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Read literature faculty member Benjamin Anastas’ “The Breakup List” in the June 13 New York Times Magazine.

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Sasha Wiseman '15 reviewed Jenny Offill's new novel, Dept. of Speculation, in the the Los Angeles Review of Books. Read the review. 

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Faculty member Benjamin Anastas' essay, "Questions for My Grandfather’s Psychiatrist," was published in the The New York Times as part of the paper's ongoing series about psychotherapy.

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An excerpt adapted from renowned photographer Sally Mann '73's forthcoming memoir, Hold Still: A Memoir With Photographs, was published in The New York Times Magazine. The piece recalls the mixed reaction to her 1992 book of photographs, Immediate Family, which included controversial images of her children. The memoir is a "testimony to photography’s power to evoke tender, lucent portraits of the past," according to a review in Kirkus.

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Caroline Zancan MFAW '14, author of Local Girls, links her debut novel to her time at Bennington in an interview with Melville House.

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Prashansa Taneja '16 has a review of Shirley Jackson's Let Me Tell You in The Millions, an online magazine offering coverage on books, arts, and culture.

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The Oyster War: The True Story of a Small Farm, Big Politics, and the Future of Wilderness in America, the debut book by Summer Brennan ’01, has been widely reviewed since its publication in August 2015.

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Bruna Dantas Lobato '15 writes about the Juan Goytisolo's 1970 novel in verse, Count Julian, in The Millions, and about a new translation of Ferreira Gullar's Dirty Poem in Asymptote Journal.

Read the poem in the Asymptote Journal.

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Megan Mayhew Bergman MFA ’10, associate director of the MFA in Writing program, published an essay in The Wall Street Journal about her recent experience in northern Kenya as a guest researcher with the BOMA Project.

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The Times Higher Education supplement reviewed Judith Butler's Notes Towards a Performative Theory of Assembly on December 10. According to the review, Butler's mediations on recent mass protests around the world make her work "Everything a book about our planet in the 21st century should be."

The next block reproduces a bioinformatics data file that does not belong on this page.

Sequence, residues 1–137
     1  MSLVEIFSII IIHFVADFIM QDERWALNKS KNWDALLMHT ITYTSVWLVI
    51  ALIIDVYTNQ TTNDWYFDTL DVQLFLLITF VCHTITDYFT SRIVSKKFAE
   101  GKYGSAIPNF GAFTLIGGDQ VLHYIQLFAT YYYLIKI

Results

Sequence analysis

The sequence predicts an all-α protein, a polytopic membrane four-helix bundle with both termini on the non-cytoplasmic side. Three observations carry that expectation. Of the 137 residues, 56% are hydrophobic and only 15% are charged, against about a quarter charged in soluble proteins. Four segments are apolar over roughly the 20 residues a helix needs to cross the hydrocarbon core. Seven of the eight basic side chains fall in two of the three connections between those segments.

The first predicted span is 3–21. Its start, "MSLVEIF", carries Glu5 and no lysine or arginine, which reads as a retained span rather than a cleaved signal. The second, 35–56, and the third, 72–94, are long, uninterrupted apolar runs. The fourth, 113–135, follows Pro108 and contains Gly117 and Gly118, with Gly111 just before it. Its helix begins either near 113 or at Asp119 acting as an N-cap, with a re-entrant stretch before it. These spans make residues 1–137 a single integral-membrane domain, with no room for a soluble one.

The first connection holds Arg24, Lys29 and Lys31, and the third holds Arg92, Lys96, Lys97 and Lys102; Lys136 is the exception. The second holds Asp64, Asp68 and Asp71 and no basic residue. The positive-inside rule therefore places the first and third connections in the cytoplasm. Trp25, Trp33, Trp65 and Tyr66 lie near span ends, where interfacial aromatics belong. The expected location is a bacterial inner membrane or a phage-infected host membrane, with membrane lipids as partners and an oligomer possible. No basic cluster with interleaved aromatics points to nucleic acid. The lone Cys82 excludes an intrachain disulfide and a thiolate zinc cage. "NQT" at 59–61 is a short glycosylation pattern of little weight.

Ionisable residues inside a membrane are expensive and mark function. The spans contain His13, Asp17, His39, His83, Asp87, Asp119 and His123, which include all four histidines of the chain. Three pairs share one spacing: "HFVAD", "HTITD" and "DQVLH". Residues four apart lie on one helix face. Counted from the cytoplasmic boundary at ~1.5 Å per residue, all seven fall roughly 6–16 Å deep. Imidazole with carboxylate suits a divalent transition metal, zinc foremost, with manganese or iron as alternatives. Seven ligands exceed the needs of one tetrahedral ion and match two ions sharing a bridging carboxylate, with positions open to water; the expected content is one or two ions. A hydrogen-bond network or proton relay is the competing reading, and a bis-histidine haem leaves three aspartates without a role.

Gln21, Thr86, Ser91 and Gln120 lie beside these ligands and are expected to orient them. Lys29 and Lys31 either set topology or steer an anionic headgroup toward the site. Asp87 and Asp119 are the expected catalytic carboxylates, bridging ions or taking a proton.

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Faculty member Brooke Allen's biography of Benazir Bhutto, Favored Daughter, is hailed by Kirkus as "a compelling look at Bhutto’s tumultuous life and Pakistan’s roiling history," while the New York Times describes her contributions to Yours in Haste and Adoration: Selected Letters of Terry Southern, as "excellent and often droll."

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Bennington MFA Writing Seminars graduate Megan Galbraith published an essay, titled "Sin Will Find You Out" in Catapult. The essay recounts her search for and conversation with her birth mother, who gave Galbraith up for adoption at six months old. 

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Morgan Jerkins MFAW '16 published an essay in The New Yorker called "Black Women Writers and the Secret Space of Diaries."

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Brooke Allen published a review of Jane Mendelsohn’s Burning Down the House in the New York Times. 

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President Silver contributed a chapter to "Women in the Academy: Learning from our diverse career pathways" (Lexington Books, April 2016), edited by Nichola D. Gutgold and Angela R. Linse.

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Barbara Alfano spoke with alumna Ann Goldstein '71 about her translating for Elena Ferrante.

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Marguerite Feitlowitz pens an essay in Words Without Borders about teaching in translation.

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Faculty member in literature Benjamin Anastas reviews Elisha Cooper's memoir Falling: A Daughter, a Father, and a Journey Back, an account of the author's daughter's struggle with cancer, for The New York Times.